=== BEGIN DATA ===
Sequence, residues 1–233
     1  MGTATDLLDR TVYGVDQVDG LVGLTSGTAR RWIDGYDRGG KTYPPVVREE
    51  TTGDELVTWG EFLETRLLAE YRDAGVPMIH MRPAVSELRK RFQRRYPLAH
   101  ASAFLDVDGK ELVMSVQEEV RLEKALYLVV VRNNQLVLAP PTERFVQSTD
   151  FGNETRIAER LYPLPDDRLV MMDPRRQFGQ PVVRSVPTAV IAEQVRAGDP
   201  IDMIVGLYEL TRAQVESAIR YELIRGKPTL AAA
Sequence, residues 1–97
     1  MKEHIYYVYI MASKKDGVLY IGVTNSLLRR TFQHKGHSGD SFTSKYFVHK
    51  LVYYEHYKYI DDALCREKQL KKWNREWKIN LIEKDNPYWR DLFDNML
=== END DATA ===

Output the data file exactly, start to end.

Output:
Sequence, residues 1–233
     1  MGTATDLLDR TVYGVDQVDG LVGLTSGTAR RWIDGYDRGG KTYPPVVREE
    51  TTGDELVTWG EFLETRLLAE YRDAGVPMIH MRPAVSELRK RFQRRYPLAH
   101  ASAFLDVDGK ELVMSVQEEV RLEKALYLVV VRNNQLVLAP PTERFVQSTD
   151  FGNETRIAER LYPLPDDRLV MMDPRRQFGQ PVVRSVPTAV IAEQVRAGDP
   201  IDMIVGLYEL TRAQVESAIR YELIRGKPTL AAA
Sequence, residues 1–97
     1  MKEHIYYVYI MASKKDGVLY IGVTNSLLRR TFQHKGHSGD SFTSKYFVHK
    51  LVYYEHYKYI DDALCREKQL KKWNREWKIN LIEKDNPYWR DLFDNML